Until you have cared for a sick child, spouse, friend or loved one, you may not truly understand that health care is not “one size fits all.” Although a diagnosis may be the same, never is the circumstance, nor the outcome.
The care coordinators at San Juan Basin Public Health experience this truth daily as they work to serve a wide range of individuals with myriad health concerns, many of them with complex needs.
Loosely defined, care coordination is the organization of a client’s activities related to their care, including the sharing of information among those involved in providing this care.
A key aspect of this type of care is its client-centered strategy, taking into consideration the individual’s needs and preferences, which are shared with those involved in each person’s case.
The goal is safer, more appropriate, efficient and effective care for each patient.
Care coordination is about reducing barriers that many people experience as they try to navigate the oftentimes confusing health care system, but equally about addressing more practical gaps such as transportation needs, food insecurity or language barriers.
Care coordinators can act as a liaison between a client and multiple providers to improve communication, as well as helping to ensure that a client has food on the table. This means taking each individual’s entire health picture in mind when taking steps to meet their needs.
One local example of care coordination is Marsha, a single, 50-year-old woman living in rural La Plata County. At 40, Marsha battled cancer while working full time and caring for her grandchildren. Now, 10 years later, the cancer has returned, and Marsha has relied on care coordination to help her manage this challenge.
She needed help with coordinating a variety of appointments, understanding the information coming from several care providers and figuring out how to manage financially while able to work only part time. The SJBPH care coordinator connected her to a variety of community resources, including food assistance, and helped her apply for long-term Medicaid care.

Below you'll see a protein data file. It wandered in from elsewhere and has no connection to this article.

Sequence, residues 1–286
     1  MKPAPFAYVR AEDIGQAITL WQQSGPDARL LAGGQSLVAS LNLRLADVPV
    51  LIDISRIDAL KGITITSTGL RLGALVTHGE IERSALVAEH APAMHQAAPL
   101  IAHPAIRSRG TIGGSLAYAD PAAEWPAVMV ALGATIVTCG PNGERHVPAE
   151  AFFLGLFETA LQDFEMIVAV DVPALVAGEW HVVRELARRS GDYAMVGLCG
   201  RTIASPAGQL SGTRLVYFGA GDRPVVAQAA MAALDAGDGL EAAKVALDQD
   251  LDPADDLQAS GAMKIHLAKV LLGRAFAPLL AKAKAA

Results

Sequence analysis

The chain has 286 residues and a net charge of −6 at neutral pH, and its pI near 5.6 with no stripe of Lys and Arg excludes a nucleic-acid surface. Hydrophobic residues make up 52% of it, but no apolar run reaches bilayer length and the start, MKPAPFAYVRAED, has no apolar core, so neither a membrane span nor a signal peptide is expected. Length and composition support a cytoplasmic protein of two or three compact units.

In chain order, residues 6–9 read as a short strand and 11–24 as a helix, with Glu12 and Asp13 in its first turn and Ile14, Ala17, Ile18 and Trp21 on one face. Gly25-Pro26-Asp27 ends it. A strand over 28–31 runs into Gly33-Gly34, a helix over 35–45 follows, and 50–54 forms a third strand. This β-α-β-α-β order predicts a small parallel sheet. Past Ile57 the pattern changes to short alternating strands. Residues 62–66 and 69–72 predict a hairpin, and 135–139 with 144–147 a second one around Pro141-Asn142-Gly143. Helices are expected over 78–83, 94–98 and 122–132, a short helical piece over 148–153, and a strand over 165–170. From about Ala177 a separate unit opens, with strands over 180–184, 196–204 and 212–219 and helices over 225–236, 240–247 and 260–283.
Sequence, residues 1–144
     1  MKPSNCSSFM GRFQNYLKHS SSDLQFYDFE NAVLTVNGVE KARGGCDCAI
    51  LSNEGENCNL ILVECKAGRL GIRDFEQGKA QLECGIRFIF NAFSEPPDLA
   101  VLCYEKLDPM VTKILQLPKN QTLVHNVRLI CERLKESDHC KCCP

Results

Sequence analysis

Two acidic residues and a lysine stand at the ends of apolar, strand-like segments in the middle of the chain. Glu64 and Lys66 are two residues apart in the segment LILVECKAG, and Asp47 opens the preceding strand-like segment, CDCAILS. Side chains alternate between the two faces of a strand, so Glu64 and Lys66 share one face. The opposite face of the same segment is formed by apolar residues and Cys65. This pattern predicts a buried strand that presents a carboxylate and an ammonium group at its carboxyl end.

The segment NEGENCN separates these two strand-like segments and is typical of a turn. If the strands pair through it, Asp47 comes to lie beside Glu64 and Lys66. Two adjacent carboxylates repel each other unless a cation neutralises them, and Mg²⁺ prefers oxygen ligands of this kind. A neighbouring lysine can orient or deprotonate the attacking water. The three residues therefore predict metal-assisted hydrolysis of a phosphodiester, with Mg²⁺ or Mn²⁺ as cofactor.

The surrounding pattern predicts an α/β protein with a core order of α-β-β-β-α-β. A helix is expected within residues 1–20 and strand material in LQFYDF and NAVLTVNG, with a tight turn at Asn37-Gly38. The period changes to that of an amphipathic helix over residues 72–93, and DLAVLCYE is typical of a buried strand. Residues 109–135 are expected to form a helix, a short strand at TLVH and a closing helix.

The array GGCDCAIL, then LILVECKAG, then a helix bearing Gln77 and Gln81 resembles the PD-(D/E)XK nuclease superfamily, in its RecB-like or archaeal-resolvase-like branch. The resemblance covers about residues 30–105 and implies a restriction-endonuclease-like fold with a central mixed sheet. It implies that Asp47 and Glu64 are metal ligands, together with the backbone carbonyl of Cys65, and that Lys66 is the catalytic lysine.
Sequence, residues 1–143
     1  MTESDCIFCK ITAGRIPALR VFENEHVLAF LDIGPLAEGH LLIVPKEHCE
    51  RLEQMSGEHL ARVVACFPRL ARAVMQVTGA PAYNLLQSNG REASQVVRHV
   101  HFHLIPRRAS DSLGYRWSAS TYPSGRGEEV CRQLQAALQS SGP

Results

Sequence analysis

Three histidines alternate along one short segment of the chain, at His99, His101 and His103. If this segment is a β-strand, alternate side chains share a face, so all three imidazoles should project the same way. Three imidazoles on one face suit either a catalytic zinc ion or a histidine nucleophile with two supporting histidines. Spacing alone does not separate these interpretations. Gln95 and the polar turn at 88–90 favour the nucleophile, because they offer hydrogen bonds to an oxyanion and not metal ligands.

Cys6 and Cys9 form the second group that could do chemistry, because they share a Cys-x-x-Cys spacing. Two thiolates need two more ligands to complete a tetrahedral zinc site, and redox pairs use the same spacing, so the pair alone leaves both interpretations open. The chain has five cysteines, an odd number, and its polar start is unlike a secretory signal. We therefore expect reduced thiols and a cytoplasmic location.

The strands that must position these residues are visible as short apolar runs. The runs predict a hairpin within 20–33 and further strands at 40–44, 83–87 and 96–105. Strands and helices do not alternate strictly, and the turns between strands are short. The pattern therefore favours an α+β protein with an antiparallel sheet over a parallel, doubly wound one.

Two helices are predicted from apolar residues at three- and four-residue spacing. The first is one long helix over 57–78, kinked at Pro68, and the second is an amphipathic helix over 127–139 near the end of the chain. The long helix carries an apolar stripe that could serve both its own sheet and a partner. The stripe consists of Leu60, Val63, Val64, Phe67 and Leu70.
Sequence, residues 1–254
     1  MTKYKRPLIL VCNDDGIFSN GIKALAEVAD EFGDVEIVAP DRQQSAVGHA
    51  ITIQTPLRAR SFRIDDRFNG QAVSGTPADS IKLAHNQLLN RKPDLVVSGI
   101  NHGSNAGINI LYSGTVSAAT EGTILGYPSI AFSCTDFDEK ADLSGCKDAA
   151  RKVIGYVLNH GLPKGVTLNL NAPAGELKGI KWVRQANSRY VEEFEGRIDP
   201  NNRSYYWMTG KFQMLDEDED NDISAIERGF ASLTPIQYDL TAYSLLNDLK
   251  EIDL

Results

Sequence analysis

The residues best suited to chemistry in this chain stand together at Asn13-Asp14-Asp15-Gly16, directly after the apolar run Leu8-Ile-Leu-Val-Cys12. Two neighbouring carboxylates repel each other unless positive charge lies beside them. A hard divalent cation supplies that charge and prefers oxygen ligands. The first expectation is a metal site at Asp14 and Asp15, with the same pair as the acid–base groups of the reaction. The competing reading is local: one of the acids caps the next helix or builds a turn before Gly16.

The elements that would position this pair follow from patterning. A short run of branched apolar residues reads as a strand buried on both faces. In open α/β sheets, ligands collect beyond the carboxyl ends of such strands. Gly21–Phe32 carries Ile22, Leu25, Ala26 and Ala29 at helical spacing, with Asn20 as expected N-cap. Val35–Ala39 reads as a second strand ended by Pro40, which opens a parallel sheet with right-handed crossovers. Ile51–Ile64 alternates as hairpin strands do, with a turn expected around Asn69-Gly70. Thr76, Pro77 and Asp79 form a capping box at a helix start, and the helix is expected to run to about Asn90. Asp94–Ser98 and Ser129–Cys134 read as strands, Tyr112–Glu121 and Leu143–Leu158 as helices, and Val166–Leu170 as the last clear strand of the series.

Additionally, the care coordinator assisted with scheduling doctor appointments, and helped get answers to the questions that she had about her treatment.
As Marsha’s health needs persisted, her care coordinator helped connect her to the providers and resources she needed to stay healthy enough to care for her grandchildren and to continue to work as much as she could.
As in Marsha’s case, care coordination often includes developing a care plan to manage each client’s chronic conditions and associated health challenges.
The care plan also helps a client with medication management, often an overwhelming task for people with complex health issues.
At San Juan Basin Public Health, our multidisciplinary team of registered nurses, a dental hygienist and care coordinators strive to improve the health outcomes of local community members who face barriers to care.
Through education, outreach, navigation and collaboration, our care coordinators assess the needs of clients of all ages and serve those with a variety of medical complexities, social barriers and health care needs. Through this important program, SJBPH care coordinators hope to connect the dots and create clarity in a not-so-linear health care system, to support everyone we serve in reaching their highest potential of health.
While many of our care coordination patients are those who qualify for Health First Colorado, our foundation is as a Community Care Team, and our model is designed to provide access, guidance and advocacy to anyone who faces barriers to health care and resources.
Altogether, the activities of SJBPH’s Care Coordination Program can make a real and meaningful difference in the health of the local community members they serve – and can even save their lives.
For more information about the Care Coordination Program as well as other SJBPH programs, visit sjbpublichealth.org.
Claire Ninde is the director of communications at San Juan Basin Public Health.